Giant Indian supermart won’t post profits soon

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Top 3 domestic brands post Rs 1,200 cr loss in a yr

Global retail giants such as Walmart, Carrefour, Tesco and others seeking a foothold in India’s $450 billion retail market may take years before earning profits, going by the experiences of big Indian players in domestic retail.

Between them, three of India’s leading domestic chains, Reliance Retail, Aditya Birla Retail and Bharti Retail, notched up combined losses touching Rs 1,200 crore in 2010-11, according to the latest available figures. Each of them has been in business for almost 10 years now.

Reliance Fresh, an arm of the Mukesh Ambani-led RIL group posted a net loss of Rs 345.82 crore in 2010-11, while Aditya Birla Retail, which runs the ‘more’ chain, posted a net loss of Rs 423.1 crore that year. Bharti Retail, which operates in partnership with Walmart, reported a net loss of 394.32 crore in calendar 2011. The figures were revealed by minister of state for commerce and industry S Jagathrakshakan in Parliament last week, in the wake of the parliamentary nod to 51 per cent foreign direct investment (FDI) in multibrand retail.

While none of the big foreign retail players have revealed their India-specific plans yet, not a single among them is known to have approached the foreign investment promotion board (FIPB) with investment proposals either, even a month after majority foreign ownership in multibrand retail was notified.

The government expects at least $3 billion worth of FDI in retail over the next couple of years. Swedish furniture giant IKEA’s ¤1.5 billion-investment plan in single-brand retail is caught in red tape after the project was cleared by FIPB last month, subject to riders. Officials vetting FDI proposals believe that most global chains are in the wait-and-watch mode right now.

Typically, it may take even up to decade for the foreign retail giants to break even on their investments in India.

This has earlier been the case with global brands Pepsi, Coca Cola, Kellogg’s and McDonalds, which took years before posting positive returns on Indian investments. Most of these companies still do not reveal their India accounts in the public domain.

Multinational chains have deep pockets and initially invest heavily in creating infrastructure for penetrating the remotest corners of the market and in weaning customers to their brands through huge marketing initiatives, running over a decade or more.

This is one reason why Anil Talreja, partner at Deloitte, is optimistic that the losses posted by domestic players will not deter foreign players from setting up shop here. Profitability of each player will depend on the type of organisation, location of the store and supply chain model that each player plans to adopt in India, he said.

“Retail will not be an easy business to be in. Nobody makes profit in a short period, as it is a long-gestation game,” said Mohit Behl partner at KPMG. He said while there could be profits at the operational or store level, it would take at least three to five years to post profits at the business level.

Behl also reasoned that the past couple of years had been difficult for all retailers because of the economic slowdown that hit consumer spending.

“All international players realise that there’s lot of change required for Indian consumers to move away from their neighbourhood kirana stores. All of them need to reinvent their business models to cater to the local market, and this is going to take time,” Bhel said.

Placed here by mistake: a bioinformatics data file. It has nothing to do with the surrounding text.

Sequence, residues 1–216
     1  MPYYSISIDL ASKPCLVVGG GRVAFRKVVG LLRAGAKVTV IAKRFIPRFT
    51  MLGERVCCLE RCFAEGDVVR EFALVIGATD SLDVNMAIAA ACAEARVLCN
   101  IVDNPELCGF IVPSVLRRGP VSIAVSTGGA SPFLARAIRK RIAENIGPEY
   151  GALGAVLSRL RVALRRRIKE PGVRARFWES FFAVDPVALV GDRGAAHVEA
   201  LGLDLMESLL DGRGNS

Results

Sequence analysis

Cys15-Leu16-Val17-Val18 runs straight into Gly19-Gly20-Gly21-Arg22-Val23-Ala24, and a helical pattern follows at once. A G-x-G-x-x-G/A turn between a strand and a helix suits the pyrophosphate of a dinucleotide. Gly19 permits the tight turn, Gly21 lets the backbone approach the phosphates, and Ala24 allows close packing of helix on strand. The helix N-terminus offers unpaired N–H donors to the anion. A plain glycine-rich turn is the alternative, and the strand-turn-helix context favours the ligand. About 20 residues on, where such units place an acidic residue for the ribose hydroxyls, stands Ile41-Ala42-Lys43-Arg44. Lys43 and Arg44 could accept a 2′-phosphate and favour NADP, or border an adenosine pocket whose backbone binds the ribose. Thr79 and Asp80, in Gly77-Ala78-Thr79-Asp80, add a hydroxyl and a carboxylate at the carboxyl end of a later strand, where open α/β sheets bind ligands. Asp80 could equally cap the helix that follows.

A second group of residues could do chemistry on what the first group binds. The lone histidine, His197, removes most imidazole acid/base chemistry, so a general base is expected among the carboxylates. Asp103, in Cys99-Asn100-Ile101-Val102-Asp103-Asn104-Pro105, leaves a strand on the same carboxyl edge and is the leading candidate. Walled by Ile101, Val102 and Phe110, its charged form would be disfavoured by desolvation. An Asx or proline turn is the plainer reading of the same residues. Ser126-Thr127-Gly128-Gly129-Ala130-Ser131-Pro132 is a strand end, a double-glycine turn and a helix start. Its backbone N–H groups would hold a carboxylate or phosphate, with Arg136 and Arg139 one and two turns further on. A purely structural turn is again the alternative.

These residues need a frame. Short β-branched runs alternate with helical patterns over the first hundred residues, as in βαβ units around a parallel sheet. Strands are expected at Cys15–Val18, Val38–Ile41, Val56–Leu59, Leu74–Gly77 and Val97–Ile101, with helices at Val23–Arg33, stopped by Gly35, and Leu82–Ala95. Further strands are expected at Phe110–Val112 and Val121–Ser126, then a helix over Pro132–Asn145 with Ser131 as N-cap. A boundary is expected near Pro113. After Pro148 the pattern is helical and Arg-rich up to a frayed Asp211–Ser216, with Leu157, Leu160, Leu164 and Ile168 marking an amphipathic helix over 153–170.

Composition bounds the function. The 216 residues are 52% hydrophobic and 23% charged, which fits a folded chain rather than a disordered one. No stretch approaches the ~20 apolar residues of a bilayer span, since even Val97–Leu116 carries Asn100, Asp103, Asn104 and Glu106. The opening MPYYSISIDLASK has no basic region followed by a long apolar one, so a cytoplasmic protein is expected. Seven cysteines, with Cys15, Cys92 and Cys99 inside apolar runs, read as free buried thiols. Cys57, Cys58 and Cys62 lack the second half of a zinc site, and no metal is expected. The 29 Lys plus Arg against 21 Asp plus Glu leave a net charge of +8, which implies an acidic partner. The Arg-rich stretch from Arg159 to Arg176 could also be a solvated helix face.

While there was little doubt that the government had rolled out the red carpet for investment in single-brand retail, a lot still needed to be done in the multibrand space before foreign players pumped in a minimum of $100 million each in India, Behl said.

The recent parliamentary approval had comforted investors somewhat, but clear signals both from the centre and the states willing to adopt the policy would help prospective investors time their entry. Till then, they would move cautiously, he said.

Jagatrakshakan claimed in Parliament that the government had taken steps to protect small retailers while opening up multibrand retail to foreign investment.

“In formulating the policy, the government was conscious of the livelihood concerns of the millions of small retailers,” he said.

The minister cited unsourced studies to claim that local retailers had found innovative ways to coexist along with organised retail in other developing economies such as China, Brazil, Argentina, Singapore, Indonesia and Thailand, where 100 per cent FDI has been permitted in retail.

He claimed, 99 per cent of the fresh food retail and 70 per cent of food retail continues to be controlled by traditional retailers in Indonesia, several years after the emergence of foreign super markets in that country. In India, the fact that three major retailers did not return profits even 10 years after they opened stores, showed that they had not been able to break into fresh food and food retail spaces dominated by kirana and neighbourhood stores, he said.

Almost 70 per cent of worldwide retail is in fresh and other food items. In India, the share or organised retail in these items was only four per cent. With domestic retail set to double in the next five to six years and touch $1 trillion turnover, analysts believe that kirana stores were not going to be displaced in a hurry. There would be more than enough space for everybody, with India averaging seven per cent to eight per cent economic growth in the next five years.


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